Throwing Great Gatsby parties ignores Fitzgerald’s critiques

The novel The Great Gatsby is an American classic but here is an argument that a number of people have misinterpreted the point:

Gatsby parties are common, but this one stands out for its extravagance—the expected outlay was $20,000—and the particular irony of its locale. F. Scott Fitzgerald, who wrote The Great Gatsby after dropping out of Princeton, once called the school “the pleasantest country club in America,” which is one of those great insults that sounds like a compliment to those being held out for criticism.

So it is with Gatsby parties, as well. It spoils neither the book nor the new film adaptation, which opens in US theaters on May 10, to say The Great Gatsby is a critique of the American dream. It peels back a gilded veneer of success to reveal the hollow, rotting underbelly of class and capital in the early 1920s. Jay Gatsby’s weekend-long parties are lavish indictments of the whole, hard-charging scene that propelled him to sudden, extraordinary, unscrupulous wealth—”a new world, material without being real, where poor ghosts, breathing dreams like air, drifted fortuitously about,” as Fitzgerald writes toward the end.

Yet so many people seem enchanted enough by the decadence described in Fitzgerald’s book to ignore its fairly obvious message of condemnation. Gatsby parties can be found all over town. They are staples of spring on many Ivy League campuses and a frequent theme of galas in Manhattan. Just the other day, vacation rental startup Airbnb sent out invitations to a “Gatsby-inspired soiree” at a multi-million-dollar home on Long Island, seemingly oblivious to the novel’s undertones.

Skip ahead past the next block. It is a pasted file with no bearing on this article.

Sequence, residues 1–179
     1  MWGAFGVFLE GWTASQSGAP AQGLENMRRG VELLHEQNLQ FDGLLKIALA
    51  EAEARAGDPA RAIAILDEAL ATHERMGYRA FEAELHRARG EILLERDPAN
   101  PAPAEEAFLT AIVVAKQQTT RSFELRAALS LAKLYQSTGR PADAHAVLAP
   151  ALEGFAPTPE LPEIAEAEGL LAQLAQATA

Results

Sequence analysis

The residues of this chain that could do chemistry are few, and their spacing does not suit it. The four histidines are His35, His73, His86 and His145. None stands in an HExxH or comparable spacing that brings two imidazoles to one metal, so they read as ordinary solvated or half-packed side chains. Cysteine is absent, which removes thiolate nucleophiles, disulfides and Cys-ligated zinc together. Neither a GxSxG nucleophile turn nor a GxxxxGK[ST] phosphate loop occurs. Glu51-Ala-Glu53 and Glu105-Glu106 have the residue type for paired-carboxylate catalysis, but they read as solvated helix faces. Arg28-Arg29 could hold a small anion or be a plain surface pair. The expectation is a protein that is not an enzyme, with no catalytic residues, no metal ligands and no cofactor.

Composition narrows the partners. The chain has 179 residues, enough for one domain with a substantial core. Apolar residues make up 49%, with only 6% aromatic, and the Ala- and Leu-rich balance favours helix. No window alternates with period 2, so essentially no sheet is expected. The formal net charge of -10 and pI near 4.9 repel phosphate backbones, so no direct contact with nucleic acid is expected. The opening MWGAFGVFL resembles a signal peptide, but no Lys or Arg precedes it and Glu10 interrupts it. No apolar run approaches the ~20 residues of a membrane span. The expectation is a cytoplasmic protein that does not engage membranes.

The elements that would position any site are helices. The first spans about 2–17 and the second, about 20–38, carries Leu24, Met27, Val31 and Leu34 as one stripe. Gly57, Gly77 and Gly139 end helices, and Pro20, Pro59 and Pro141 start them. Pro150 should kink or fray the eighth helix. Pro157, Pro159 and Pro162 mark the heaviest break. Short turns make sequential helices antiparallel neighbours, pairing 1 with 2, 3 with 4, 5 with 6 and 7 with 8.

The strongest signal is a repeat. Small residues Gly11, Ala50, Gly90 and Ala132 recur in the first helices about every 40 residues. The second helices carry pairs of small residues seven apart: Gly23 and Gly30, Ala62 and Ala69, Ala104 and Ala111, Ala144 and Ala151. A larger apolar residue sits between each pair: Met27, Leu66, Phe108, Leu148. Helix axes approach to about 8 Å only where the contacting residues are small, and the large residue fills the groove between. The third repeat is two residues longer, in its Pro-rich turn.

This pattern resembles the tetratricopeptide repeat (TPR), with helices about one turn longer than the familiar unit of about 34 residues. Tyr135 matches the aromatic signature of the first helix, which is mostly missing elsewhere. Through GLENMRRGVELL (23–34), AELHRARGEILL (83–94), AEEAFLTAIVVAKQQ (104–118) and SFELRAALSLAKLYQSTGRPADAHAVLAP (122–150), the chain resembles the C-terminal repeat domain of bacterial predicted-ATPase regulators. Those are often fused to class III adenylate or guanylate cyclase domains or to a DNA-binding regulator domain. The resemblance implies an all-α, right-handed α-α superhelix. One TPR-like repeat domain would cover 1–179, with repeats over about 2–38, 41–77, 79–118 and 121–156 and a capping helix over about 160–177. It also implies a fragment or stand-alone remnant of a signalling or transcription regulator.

It’s like throwing a Lolita-themed children’s birthday party.

Perhaps all of this suggests Americans haven’t changed all that much since the 1920s: many still desire to move up and have the ability to spend money in lavish ways. This argument makes me think of Veblen’s concept of “conspicuous consumption,” the behavior of spending money in such a way to show others that you can afford to waste that money. Isn’t that what the Gatsby parties are about? Having a good time doesn’t necessarily require much beyond the people involved but having a lavish and memorable experience, particularly one that is noticed by others, requires more resources.

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